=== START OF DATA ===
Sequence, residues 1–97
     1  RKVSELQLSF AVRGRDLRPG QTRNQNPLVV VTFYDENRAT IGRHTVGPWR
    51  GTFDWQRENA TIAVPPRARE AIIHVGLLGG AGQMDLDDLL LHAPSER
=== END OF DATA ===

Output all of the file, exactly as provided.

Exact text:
Sequence, residues 1–97
     1  RKVSELQLSF AVRGRDLRPG QTRNQNPLVV VTFYDENRAT IGRHTVGPWR
    51  GTFDWQRENA TIAVPPRARE AIIHVGLLGG AGQMDLDDLL LHAPSER